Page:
Here is a simple circuit for sequentially flashing Christmas light strings or other similar low-power lamps. The socket symbols may be single bulbs or sockets for lamp strings. The load must be capable of operating from DC since the SCRs rectify the line voltage. The SCRs must be sensitive-gate types and must be able to handle the load current and line voltage. The 1uF capacitors are non-polar film types. A fuse is indicated and a GFI type of outlet is recommended.
The circuit may be extended by repeating the pattern with the last neon lamp connecting back to the first through a capacitor. Although a quick breadboard was tested, this circuit is "experimental" and may require some tweaking for best performance. The flashing speed may be controlled by connecting a 100k ohm (or larger) potentiometer across the 10 uF capacitor and connecting the 1 meg resistors to the wiper. Make sure that the shaft is an insulated type. The 1 meg resistors may be lowered in value for faster flashing.
Here is an unusual flasher circuit for 120VAC loads. The circuit is similar to the two-transistor flasher seen in several circuits in techlib.com except that an SCR is used.
A little circuit trick is hiding in the selection of the 0.1uF capacitor in series with the 1k resistor. When the SCR is off, this capacitor smoothes the ripple from the bridge sufficiently for the transistor flasher circuitry to work properly but when the SCR turns on, the capacitor immediately discharges and will not provide enough current to keep the SCR on. Also,the capacity is low enough to leave quite a bit of ripple voltage causing the circuit to trigger near zero volts - a desirable feature!
Parts are not particularly critical:
|The 0.1uf capacitor should be a non-polar type with a voltage rating of at least 200 volts. The value is not critical but stay below about 1uF.|
|The power handling device is a sensitive-gate SCR with a rated voltage of at least 200 volts and with a current rating sufficient to handle the expected load. Sensitive-gate SCRs typically have a gate trigger current near 200uA.|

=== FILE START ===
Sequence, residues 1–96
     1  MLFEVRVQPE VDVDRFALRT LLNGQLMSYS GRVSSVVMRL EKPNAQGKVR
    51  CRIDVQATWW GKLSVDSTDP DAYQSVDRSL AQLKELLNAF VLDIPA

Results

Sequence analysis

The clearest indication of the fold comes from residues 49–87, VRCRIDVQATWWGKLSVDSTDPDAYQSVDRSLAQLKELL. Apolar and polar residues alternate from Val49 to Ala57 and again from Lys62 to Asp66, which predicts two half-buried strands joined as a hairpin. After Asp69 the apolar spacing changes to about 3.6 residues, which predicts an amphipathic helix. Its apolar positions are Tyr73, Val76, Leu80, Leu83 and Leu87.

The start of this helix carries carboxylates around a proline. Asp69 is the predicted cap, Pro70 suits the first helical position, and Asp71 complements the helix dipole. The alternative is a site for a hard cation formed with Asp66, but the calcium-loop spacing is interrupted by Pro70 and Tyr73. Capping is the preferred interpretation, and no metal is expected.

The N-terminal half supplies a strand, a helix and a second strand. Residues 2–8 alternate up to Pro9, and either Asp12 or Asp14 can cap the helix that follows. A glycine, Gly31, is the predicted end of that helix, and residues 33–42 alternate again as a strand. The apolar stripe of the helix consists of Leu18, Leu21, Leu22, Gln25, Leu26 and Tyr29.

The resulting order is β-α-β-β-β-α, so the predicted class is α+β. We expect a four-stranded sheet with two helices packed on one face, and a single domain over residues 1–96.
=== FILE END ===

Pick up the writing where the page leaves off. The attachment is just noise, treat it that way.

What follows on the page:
|The full-wave bridge may be made from four rectifier diodes rated for 200 volts or more and with a current rating well above the load current.|
|The resistors all dissipate low power and ordinary carbon-film 1/4 watt types are fine.|
|The PNP transistor may be just about any general-purpose type or a high voltage type may be selected to reduce the chances of zapping it while experimenting! Ordinarily, the transistor sees about 35 volts.|
|The 22uF capacitor is a 50 volt or greater aluminum electrolytic or similar.|
|The load sees AC voltage so most line-powered devices may be "flashed" with this circuit.|
|Not shown are necessary fuses and line filtering. A power input module with everything built in is hard to beat. Low power loads will not generate much line noise but a fuse is always recommended.|
Here is how it works:
When power is first applied, the SCR is off and the 0.1uF capacitor charges to about 160 volts with several volts of ripple. The base voltage sees a divided-down version of this rippling voltage, near 35 volts. The 22uF capacitor begins charging through the 1meg resistor and the emitter voltage begins to rise towards the base voltage. When the capacitor voltage reaches about 35 volts and exceeds the base voltage (typically a low point in the ripple voltage), the transistor conducts causing the SCR to trigger. The triggering pulls the voltage on the base low and the transistor turns on hard because of the now-higher voltage on the emitter. The transistor stays on until the capacitor is discharged to the point that the gate current cannot keep the SCR triggered. The SCR turns off at the next voltage zero-crossing and the process repeats. Notice how the circuit tends to turn on and off near zero-crossings! The 1k in series with the 0.1uF capacitor protects the SCR from high discharge currents. (Most SCRs can handle the current surge without the resistor.)
The 1meg resistor connected to the 22uF may be varied to change the flash rate or the 22uF capacitor value may be changed. Do not drop the resistance much below 330k or the transistor may be susceptible to overvoltage damage in the event the SCR doesn't trigger. The length of the flash is set by the 27k resistor; a higher value gives longer on-time. The 2.2k is included to ensure that the SCR turns off and this value may be higher or eliminated if the SCR doesn't show a tendency to stay on. Some sensitive-gate SCRs become too sensitive for this circuit when they become warm, they actually require that current be pulled out of the gate to prevent triggering. A typical TO-92 type SCR will handle up to about 25 watt loads without a heating problem but for heavier loads choose a TO-202 or other power package. Heat-sinking may be required for heavy loads. If the circuit stays on after a few flashes, the SCR is self-triggering due to heating.